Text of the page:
Recently I’ve been working on a collaboration, indoors looking out, with the artist Stephen Graham, and I’m delighted that some of our work has been selected for the online exhibition Covent-19 – Voicing Responses Under Lockdown. You’ll be able to view the exhibition on Instagram from 8th May to 5th June.

The collaboration began on the eve of lockdown, as an informal artistic exchange, with no idea as to where, if anywhere, it might lead. I know Stephen through our community garden. He’s a regular visitor to the garden and our artist-in-residence, creating a beautiful hand-designed pamphlet for the garden a couple of years ago. With the garden closed to the public during lockdown, I suggested to Stephen that I could try to write a short poem each day, and then text it to him to illustrate or interpret as he saw fit. Stephen was up for this, and so our collaboration began.

I haven’t written a poem every day, but more often than not when I’ve sat at my desk in the morning, I’ve managed to produce something. I’ve found the restrictions of the short Japanese forms of haiku and tanka a good frame to work within, and the subject matter is mostly drawn from observations from my second-floor window. Stephen’s pieces in response vary from abstract designs to loose illustrations; each one includes the poem in Stephen’s ‘odd letters’, as he describes them.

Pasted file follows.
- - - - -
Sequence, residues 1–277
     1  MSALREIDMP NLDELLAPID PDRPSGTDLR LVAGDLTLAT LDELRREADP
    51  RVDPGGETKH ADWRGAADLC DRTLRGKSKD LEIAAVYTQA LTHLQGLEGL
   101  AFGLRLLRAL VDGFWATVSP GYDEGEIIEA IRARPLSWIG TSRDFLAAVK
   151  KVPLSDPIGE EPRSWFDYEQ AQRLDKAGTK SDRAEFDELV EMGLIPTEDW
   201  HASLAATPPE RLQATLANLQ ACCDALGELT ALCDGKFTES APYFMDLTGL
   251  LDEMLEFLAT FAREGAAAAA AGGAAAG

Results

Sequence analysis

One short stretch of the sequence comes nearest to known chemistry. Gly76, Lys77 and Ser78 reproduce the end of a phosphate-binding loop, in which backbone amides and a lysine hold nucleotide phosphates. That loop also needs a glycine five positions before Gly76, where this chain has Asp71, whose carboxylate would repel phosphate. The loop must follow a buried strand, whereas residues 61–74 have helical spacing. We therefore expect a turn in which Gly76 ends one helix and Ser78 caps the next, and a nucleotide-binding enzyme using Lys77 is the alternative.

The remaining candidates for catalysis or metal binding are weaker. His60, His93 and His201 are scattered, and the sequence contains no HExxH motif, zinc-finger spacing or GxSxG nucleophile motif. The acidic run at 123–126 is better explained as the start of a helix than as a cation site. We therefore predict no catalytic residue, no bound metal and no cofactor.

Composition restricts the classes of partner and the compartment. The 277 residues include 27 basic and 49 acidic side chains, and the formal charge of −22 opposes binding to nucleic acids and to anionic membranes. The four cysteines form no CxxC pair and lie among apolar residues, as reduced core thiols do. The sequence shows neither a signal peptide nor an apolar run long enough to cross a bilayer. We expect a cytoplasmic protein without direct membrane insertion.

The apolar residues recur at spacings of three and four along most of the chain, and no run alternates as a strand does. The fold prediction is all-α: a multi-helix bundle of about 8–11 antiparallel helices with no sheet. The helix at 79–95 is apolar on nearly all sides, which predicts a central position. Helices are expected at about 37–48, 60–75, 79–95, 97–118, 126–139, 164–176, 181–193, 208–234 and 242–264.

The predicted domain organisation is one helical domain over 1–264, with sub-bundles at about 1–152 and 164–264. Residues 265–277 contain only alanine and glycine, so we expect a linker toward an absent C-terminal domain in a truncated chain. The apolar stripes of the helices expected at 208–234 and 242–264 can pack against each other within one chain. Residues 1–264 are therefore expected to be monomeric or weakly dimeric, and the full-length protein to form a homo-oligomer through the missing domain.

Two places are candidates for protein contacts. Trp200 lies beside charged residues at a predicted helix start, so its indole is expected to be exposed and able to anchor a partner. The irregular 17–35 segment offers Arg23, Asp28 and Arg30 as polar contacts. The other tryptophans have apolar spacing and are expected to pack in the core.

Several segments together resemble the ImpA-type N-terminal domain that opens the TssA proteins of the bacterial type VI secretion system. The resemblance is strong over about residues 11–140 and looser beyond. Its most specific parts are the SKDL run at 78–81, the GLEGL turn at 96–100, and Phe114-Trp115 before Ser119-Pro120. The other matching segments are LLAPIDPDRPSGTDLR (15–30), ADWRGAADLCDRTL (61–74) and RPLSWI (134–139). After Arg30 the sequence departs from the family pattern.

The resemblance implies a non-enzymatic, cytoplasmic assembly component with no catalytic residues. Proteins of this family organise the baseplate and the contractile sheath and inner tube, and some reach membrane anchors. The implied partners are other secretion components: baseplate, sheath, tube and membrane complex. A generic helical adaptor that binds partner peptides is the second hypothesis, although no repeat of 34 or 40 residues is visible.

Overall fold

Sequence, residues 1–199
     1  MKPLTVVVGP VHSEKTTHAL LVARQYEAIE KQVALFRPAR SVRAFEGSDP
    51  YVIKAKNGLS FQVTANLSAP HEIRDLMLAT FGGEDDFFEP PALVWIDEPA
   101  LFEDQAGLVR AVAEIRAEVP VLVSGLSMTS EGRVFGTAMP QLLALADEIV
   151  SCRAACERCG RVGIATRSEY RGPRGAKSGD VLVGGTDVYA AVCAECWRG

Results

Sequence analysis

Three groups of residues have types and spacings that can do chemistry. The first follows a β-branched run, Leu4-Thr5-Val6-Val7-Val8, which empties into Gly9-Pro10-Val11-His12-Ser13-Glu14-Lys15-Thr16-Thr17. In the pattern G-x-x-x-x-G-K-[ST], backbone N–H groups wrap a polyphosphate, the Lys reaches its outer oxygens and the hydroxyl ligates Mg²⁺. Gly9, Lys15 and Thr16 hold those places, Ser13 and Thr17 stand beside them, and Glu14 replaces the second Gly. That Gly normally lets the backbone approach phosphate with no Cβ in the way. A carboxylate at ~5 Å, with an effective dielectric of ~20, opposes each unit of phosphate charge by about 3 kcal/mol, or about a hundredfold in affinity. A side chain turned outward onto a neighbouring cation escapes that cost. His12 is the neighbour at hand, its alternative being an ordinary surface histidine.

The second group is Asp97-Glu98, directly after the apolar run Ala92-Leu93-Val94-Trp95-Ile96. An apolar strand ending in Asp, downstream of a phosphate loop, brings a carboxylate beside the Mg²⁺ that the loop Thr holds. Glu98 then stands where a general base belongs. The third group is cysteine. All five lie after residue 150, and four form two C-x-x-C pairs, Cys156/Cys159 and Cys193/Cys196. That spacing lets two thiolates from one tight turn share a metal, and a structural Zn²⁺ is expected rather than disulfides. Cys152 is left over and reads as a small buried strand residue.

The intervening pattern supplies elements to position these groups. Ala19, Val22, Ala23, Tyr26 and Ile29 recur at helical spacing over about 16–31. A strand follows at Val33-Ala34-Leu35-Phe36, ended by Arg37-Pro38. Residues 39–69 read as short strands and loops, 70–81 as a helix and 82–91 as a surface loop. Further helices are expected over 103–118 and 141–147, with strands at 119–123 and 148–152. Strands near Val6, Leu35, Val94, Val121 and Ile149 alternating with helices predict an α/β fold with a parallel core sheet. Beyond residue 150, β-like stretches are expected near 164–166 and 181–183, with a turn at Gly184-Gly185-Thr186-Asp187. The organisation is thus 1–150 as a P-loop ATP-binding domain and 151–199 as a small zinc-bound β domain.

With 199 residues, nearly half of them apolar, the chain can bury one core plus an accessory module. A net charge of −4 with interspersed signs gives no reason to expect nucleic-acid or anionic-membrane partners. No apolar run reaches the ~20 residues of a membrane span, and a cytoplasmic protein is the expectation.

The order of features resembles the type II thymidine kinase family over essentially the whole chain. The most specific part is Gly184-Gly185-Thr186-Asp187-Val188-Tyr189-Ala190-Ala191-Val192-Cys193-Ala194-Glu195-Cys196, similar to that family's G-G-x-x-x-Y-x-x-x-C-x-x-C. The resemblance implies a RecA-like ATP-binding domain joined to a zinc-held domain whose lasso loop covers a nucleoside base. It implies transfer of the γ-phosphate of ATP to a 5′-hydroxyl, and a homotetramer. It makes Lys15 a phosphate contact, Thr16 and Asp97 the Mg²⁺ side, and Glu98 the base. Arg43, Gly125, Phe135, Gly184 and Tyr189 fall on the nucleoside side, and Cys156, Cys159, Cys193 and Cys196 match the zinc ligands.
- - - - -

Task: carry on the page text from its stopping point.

Covent19 E-invite-page-0

It’s just over a week ago that I saw the call out on Instagram for creative work in response to the lockdown, and suggested to Stephen that we submit several pieces. We’re grateful to the Covent-19 curators, Faryal Arif & Nadin Hassan, for this opportunity to share some of our work. And we’re now working towards publishing a booklet. Do check out the online exhibition if you can. I’m looking forward to seeing how people around the world have responded creatively to these current weird/difficult/strange/whatever-you-call-them times. I feel lucky to have this focus and creative outlet – I know many people are struggling. Hope you and your loved ones are keeping safe and well.